For the last two years, I focused my photography on shooting people. When The Big Move took us to Idaho, I shut down my teeny barely-a-business; although bittersweet, it was one of my smartest moves.
You see, I jumped into a business too fast.
Hindsight, this is what I’d tell me two years ago, “Just shoot for the love of it. The business side of photography can suck the love for it dry before it even has a chance to grow roots”.
So now, I have no business, I shoot what I love, all for me and no one else.
I love food. I love to eat it, and I love to be in the kitchen. My interest in food photography is purely motivated by my love of these two mediums. I’m excited to learn all about the way FP works.
Gear and Deets:
Rebel T4i w/ 50mm compact macro
OCF w/Gary Fong Lightsphere
I decided to shoot this (beginnings of a cheesecake) on a whim. I put little thought into the set up. I didn’t take out my tripod or spend an extended amount of time setting up. Posing stationary items, how hard can that be, right?
BWHAHAHAHAHAHA. It’s like learning photography for the first time all over again. This shot is plain, and lacks any real interest, but it is my first attempt at a legit FP image. It is going to be interesting to see where this takes me. Tomorrow I will be photographing my home made chocolate truffles, along with my finished cheesecake. In the meantime, I am studying up on how to make my paltry equipment work hard for me.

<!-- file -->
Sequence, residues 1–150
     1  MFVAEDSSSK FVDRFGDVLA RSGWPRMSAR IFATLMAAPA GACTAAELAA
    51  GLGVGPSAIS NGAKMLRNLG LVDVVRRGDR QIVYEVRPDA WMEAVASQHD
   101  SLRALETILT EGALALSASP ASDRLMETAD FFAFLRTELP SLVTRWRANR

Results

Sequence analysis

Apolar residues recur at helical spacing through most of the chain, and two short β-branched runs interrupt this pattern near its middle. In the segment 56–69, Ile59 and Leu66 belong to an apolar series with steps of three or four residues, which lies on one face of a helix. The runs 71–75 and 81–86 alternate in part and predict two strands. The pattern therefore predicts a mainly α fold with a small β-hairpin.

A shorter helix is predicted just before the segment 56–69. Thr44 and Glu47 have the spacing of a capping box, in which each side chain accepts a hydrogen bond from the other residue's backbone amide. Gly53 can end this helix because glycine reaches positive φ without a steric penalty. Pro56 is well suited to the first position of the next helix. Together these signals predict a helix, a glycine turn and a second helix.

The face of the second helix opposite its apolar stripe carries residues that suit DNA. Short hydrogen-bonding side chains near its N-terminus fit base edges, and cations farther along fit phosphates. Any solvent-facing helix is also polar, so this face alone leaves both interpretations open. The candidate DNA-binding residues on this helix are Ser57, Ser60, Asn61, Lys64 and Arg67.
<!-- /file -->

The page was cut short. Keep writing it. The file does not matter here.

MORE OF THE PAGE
Thank you for stopping by, Happy Thanksgiving!
An image a day exercises are so great. I haven’t done one in a long time, so here goes. This is Moxie. Our 8 month old Rhodesian Ridgeback. She is feisty and smart. Clearly, she is also beautiful.
Gear and Deets: 50mm macro @3.5 — SS 1/125 — ISO 400 Tethered speedlight, with Gary Fong lightsphere with dome attached camera left, and window light behind for rim lighting.
1) Have her other paw in the frame
2) Have her lower mouth in the frame
3) Reduce shadows to her eye and face ever so slightly
I planned on living in my little house forever. We had talked romantically about moving to other parts of the country. We talked fantasy-like, as if a move was like going on a cruise or winning the lottery. This dreamy chatter had sprinkled our marriage for years. In March, it became a real possibility. By June, we were looking at houses in Idaho. Suddenly, The Big Move was a reality. We were really talking to agents, painting, paring down, packing, and shifting.
When I tell you it went fast, I mean effing fast. Father’s Day weekend, we put a contingent offer on a home in Emmett, ID. That gave us from mid-June until September to have our home market ready, offer made, and closed.
We busted ass (along with loads of help from friends), got our home on market July 19th, and accepted an offer three days later.
We shared this home for 11 years. This is where I brought my babies home, learned how to cook, laughed, cried, labored with my children, and made love to my husband. I fought my depression, won, lost, discovered photography, had drinks with friends, and made my first cheesecake. We had dogs, sent them over the Rainbow Bridge, brought home puppies, and with Tim made a life worth being proud of.
The Big Move was exhilarating, scary, mournful, and bittersweet. It was full of painting 16 hour days, tears, panic attacks, conquered projects, and hard work. I got excited, and cried over loss. It was not the fantasy feeling of winning the lottery; it was quite the opposite.